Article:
Ahmed : I hope you understand our situation.

Kissinger : I understand.

Ahmed : We are committed politically and contractually.

Kissinger : We will oppose it. How we oppose it, I don’t know. It will depend on what we can negotiate before Congress returns. Unless we can negotiate, the more the Congress will pass. If you look at the human rights field.

[Page 8]

I personally think the more punitive we are, the more we spread proliferation. Because we will make life difficult for France and Germany for a few years, and then they will build their own enrichment facilities, and it will be less manageable.

Our election seems interminable but it is less than four weeks away. If you can avoid doing something irrevocable.

Ahmed : We will.

Kissinger : How do you see the Chinese mood? How do you see the speech yesterday [by Chiao Kuan-hua]?

Ahmed : There is an opinion among China-watchers that there is some division in the Chinese camp and some move to move closer to the Soviet Union. We don’t see that—from our talks, from public statements. If there were some divisions, they couldn’t continue this uncompromising stand.

Kissinger : Unless that uncompromising stand is the only thing they can agree on.

Ahmed : Yes, but in that case it means the Party is behind it.

Kissinger : They might make the loudest noises just before before they did it. But we have no evidence of it.

They have misread the American political scene. They have spent a year playing up to people opposed to us. You know it’s had no impact whatsoever except to infuriate the Administration.

We at least think geopolitically. It’s not necessarily the case [in U S. politics].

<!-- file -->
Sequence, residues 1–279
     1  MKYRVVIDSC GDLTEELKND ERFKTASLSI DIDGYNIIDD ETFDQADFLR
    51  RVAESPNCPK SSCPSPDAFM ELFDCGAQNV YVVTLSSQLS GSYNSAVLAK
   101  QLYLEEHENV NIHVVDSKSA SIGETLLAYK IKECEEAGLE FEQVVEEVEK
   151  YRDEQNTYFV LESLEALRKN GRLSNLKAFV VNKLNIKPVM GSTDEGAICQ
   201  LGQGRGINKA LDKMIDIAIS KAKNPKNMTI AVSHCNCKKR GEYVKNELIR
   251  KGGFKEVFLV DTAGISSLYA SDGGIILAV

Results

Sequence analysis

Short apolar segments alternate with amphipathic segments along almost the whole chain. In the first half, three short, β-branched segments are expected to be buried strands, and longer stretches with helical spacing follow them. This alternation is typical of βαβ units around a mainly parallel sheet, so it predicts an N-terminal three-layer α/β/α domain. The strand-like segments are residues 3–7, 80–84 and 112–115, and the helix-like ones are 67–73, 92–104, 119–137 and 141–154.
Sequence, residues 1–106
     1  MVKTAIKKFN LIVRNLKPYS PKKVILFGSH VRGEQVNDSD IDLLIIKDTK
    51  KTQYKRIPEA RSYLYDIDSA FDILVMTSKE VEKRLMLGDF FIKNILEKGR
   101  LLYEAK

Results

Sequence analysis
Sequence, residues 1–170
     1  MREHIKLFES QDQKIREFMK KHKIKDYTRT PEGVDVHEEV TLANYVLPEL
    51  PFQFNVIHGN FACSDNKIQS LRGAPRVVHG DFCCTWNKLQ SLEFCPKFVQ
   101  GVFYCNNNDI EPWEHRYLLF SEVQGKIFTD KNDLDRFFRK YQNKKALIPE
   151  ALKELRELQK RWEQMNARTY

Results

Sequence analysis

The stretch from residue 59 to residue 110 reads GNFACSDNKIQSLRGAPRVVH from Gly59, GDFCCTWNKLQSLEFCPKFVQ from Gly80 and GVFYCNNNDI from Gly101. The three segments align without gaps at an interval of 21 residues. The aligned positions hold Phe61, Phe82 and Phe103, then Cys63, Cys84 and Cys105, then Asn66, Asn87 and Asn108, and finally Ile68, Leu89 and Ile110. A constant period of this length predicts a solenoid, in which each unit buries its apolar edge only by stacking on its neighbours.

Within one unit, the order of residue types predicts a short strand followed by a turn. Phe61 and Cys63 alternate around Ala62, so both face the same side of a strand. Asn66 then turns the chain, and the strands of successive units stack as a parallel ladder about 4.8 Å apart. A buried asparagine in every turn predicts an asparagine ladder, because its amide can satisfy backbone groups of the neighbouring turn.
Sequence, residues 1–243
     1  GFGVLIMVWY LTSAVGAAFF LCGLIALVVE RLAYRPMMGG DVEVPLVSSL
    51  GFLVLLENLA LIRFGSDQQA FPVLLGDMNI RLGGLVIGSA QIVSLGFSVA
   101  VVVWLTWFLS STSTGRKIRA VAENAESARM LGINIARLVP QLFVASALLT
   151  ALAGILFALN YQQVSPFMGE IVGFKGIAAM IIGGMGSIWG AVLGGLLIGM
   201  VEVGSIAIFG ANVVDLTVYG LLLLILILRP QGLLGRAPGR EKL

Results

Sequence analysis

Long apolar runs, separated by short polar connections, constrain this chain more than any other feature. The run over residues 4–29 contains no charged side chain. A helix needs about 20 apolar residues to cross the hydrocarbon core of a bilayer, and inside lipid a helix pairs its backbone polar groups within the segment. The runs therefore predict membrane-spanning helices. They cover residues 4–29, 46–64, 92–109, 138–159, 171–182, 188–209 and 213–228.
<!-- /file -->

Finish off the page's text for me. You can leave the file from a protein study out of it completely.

The speech yesterday. If we make agreements with the Soviet Union, we are appeasers. If we resist the Soviet Union, it’s superpower competition against which the whole world should unite.

They have this idea we are trying to push the Soviet Union to the east.

[Page 9]

Ahmed : Not push.

Kissinger : If the Soviet Union attacks China, I personally think it would be a colossal strategic problem for the United States. It would be as serious as a Soviet attack on Europe. But it is technically harder for us to defend China because there is no treaty. I see if they attack Europe, they will face a massive American reaction; therefore it may be they are more likely to attack China. But if they do, Europe will collapse anyway. If they attack China and succeed, Europe will become like Finland.

So the idea that we are encouraging the Soviet Union to attack China is absurd.

I would move heaven and earth to defend China if the Soviet Union attacked. But I as a friend won’t be able to mobilize support for it if they are constantly in a posture of hostility toward us.

You know how much I value the relationship. And my already strong friendship for Pakistan has a permanent base because of the role you played.

What strategy are they pursuing? What do they gain? I wanted to establish visible ties so we would have a basis for defending China.

You think geopolitically. You know if the Soviet Union attacked China, Japan would become a series of islands off the coast; India would be liberated [to act aggressively].